Register for an account


Enter your name and email address below.

Your email address is used to log in and will not be shared or sold. Read our privacy policy.


Website access code

Enter your access code into the form field below.

If you are a Zinio, Nook, Kindle, Apple, or Google Play subscriber, you can enter your website access code to gain subscriber access. Your website access code is located in the upper right corner of the Table of Contents page of your digital edition.


It's Not Easy Being Green


Sign up for our email newsletter for the latest science news

Once, being politically correct about the environment was simple. Newspapers were recycled, plastic bags were verboten, and no one in his right mind used Styrofoam cups. But knowledge and experience bring complexity. The good, the bad, and the ugly are not as obvious as the villains in a Clint Eastwood movie.

The Good: Spray cans and Styrofoam cups no longer contain ozone-damaging chlorofluorocarbons. Microwave ovens use a third as much energy as a conventional oven. But heating, air conditioning, and home appliances are responsible for 31 percent of greenhouse gases.

The Bad: Building a new house on undeveloped land fragments ecosystems. Already home construction accounts for a quarter of wildlife and ecosystem threats created by land use. Cotton clothes, despite their environmentally friendly image, aren't much better than polyester. Cotton-crops are sprayed with pesticides, fungicides, fertilizers, and herbicides, while synthetics come from petroleum.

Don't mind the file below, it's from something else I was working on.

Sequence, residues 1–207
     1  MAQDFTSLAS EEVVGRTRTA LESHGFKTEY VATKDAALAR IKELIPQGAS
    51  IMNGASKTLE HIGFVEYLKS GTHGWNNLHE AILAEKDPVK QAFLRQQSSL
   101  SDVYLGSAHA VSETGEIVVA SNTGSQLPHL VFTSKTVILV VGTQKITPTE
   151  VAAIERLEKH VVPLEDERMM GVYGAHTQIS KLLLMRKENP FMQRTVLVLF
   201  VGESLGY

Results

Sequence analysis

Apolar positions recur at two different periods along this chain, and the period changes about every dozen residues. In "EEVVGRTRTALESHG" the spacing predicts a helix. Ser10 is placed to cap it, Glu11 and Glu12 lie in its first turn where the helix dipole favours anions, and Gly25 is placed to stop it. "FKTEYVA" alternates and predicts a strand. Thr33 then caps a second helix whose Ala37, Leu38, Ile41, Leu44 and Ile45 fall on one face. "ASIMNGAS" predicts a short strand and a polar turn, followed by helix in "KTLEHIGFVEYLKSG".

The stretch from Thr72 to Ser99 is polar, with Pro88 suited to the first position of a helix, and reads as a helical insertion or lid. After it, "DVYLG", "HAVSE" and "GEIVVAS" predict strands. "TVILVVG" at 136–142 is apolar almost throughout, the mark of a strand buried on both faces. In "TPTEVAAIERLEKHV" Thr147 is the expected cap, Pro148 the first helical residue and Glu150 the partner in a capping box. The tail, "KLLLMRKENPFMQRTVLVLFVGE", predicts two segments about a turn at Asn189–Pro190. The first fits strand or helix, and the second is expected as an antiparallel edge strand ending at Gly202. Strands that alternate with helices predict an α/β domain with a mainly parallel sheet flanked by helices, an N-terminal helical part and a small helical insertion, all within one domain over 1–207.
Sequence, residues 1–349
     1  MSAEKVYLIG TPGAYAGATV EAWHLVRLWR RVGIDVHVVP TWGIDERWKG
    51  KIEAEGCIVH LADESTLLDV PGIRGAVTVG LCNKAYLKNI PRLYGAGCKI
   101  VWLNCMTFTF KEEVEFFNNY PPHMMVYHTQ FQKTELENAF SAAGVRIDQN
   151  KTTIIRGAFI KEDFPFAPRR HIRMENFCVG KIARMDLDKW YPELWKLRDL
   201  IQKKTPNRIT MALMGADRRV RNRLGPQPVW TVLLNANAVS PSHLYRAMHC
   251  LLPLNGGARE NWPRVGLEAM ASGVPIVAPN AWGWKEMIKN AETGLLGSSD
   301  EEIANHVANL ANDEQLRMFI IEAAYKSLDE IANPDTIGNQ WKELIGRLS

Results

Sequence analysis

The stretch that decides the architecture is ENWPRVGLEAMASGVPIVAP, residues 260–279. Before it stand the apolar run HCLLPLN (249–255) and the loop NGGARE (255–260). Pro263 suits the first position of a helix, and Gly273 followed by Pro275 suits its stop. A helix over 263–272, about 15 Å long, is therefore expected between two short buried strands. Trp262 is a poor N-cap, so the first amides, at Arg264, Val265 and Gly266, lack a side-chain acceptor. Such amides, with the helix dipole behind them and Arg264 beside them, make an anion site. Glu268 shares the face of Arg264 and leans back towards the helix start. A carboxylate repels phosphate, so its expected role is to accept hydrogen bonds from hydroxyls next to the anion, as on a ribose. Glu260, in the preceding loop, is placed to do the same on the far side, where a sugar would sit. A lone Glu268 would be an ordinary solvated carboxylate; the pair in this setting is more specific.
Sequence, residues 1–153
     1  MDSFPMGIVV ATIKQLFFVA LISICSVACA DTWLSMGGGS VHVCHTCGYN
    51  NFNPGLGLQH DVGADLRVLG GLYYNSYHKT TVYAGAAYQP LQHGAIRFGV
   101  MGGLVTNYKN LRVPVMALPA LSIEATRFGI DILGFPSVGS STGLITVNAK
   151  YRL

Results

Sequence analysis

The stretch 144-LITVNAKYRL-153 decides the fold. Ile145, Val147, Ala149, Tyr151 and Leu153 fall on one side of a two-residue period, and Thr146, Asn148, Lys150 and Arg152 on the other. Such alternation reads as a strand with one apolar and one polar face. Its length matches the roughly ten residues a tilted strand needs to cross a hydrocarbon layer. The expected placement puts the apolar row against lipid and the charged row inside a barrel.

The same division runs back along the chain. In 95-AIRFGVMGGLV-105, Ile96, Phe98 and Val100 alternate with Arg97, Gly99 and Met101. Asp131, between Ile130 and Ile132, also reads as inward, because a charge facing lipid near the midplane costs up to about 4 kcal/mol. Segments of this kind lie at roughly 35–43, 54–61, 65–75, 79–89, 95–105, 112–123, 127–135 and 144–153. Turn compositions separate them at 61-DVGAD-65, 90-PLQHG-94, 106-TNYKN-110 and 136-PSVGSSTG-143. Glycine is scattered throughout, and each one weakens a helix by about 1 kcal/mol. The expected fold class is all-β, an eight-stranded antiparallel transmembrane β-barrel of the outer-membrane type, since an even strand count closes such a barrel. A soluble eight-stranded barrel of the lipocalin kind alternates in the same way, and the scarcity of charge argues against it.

The Ugly: A typical modern speedboat about 30 feet long consumes 25 to 30 gallons of gasoline in an hour. Many high-performance powerboats burn more than 100 gallons an hour. A weekend on the water in either could consume more fuel than the family car does in an entire year. Worse, almost all marine engines spew significantly more noxious fumes than auto engines.

Many sport-utility vehicles get about 15 miles a gallon, creating nearly twice as much pollution per mile as autos. And because they're considered trucks, they don't have to meet the same emissions requirements.

Wood-burning fireplaces send huge amounts of pollutants--including soot--into the atmosphere.

Source: The Consumer's Guide to Effective Environmental Choices: Practical Advice from the Union of Concerned Scientists by Michael Brower and Warren Leon.

3 Free Articles Left

Want it all? Get unlimited access when you subscribe.


Already a subscriber? Register or Log In

Want unlimited access?

Subscribe today and save 70%


Already a subscriber? Register or Log In